Gunmen kill two soldiers in troubled Mexican state

Gunmen ambushed a military patrol in western Mexico, killing two soldiers in a tense state gripped by a standoff between a drug cartel and vigilantes, a prosecutor said Monday.

The attack compounded a tense weekend in Michoacan after self-defense forces seized another town, buses were burned and their most prominent leader was injured in a plane crash.

The soldiers were on patrol Sunday on a road leading to the city of Apatzingan when they shot back at the unidentified assailants, Michoacan's chief prosecutor Marco Vinicio Aguilera Garibay told AFP.

"Two soldiers died in an attack by an armed group whose whereabouts are unknown," he said.

Apatzingan is a bastion of the Knights Templar drug cartel, whose reign of violence in Michoacan prompted civilians to form self-defense forces in several towns almost a year ago.

The state's most prominent vigilante leader, Jose Manuel Mireles, was hurt in a plane crash late Saturday.

The 55-year-old doctor suffered a head injury and dislocated jaw when the small plane made an emergency landing as he returned home from the Jalisco state city of Guadalajara.

A man died and three other people were injured in the crash, which took place hours after vigilantes seized the town of Paracuaro and disarmed a dozen local police officers.

On Sunday, two buses were hijacked and burned on a road leading to Paracuaro, blocking access to the town. Officials say the vigilantes torched the but the militia says it was the work of the Templars.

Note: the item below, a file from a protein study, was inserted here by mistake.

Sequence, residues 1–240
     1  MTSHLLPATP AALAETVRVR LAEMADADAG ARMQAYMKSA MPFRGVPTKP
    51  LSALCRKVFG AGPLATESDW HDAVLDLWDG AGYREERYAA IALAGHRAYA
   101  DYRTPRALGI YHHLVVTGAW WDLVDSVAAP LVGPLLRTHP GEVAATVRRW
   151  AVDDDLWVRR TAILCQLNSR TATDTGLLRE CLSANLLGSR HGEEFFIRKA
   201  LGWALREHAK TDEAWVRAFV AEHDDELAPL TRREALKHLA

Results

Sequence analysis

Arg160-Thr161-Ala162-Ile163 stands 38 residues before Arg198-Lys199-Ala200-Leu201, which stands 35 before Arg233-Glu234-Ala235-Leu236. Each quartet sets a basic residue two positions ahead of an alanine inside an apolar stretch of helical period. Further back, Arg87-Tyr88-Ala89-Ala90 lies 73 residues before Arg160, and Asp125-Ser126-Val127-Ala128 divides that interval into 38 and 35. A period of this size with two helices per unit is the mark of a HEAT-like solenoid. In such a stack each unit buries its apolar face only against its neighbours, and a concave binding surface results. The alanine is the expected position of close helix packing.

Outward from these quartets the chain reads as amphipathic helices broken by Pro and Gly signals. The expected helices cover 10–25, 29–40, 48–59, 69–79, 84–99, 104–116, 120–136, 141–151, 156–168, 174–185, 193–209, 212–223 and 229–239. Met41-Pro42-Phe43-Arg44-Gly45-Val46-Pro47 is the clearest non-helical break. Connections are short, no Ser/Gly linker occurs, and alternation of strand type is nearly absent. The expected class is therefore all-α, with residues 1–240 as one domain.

Mireles, meanwhile, was transferred in a police Black Hawk helicopter to an undisclosed hospital in Mexico City on Sunday for security reasons, federal officials said.

Authorities are investigating the crash but state prosecutors said the plane was forced to land due to a mechanical failure.

Officials said Saturday that Mireles was stable and conscious but there have been no new reports of his health since then.

In a December interview with AFP, Mireles said the civilian militias would continue seizing towns as long as authorities do nothing to protect them from the murders and extortion perpetrated by the Templars.

Another vigilante leader, Hipolito Mora, told AFP on Monday that Mireles' injury would not stop the movement and that Apatzingan, the economic heart of the lime-producing region, remained a target.

"The doctor is a very important person for the movement but there are other people behind it," Mora said.

"(The Templars) are irritated. They don't want the self-defense groups to spread because they had got used to dominating everything," he said.

President Enrique Pena Nieto deployed thousands of troops to Michoacan in May to curb the violence but murders have continued to plague the state, which has become a major security challenge for his administration.

More than 77,000 people have died in drug-related violence across Mexico since 2006.

In Michoacan, the vigilante forces have spread despite state and federal government warnings that their expansion would not be tolerated.

Authorities suspect that the self-defense units are backed by a rival cartel from Jalisco state, a charge the vigilantes deny.

"The situation in Michoacan is getting worse," said Raul Benitez Manaut, a security expert at the National Autonomous University of Mexico. "A more energetic federal intervention, with more troops ... along with social development and education institutions."

Self-defense forces have also formed in the neighboring state of Guerrero, where some 5,000 members and supporters of the movement marked its first anniversary with a march on Sunday in Ayutla de los Libres, the first town to take up arms in January 2013.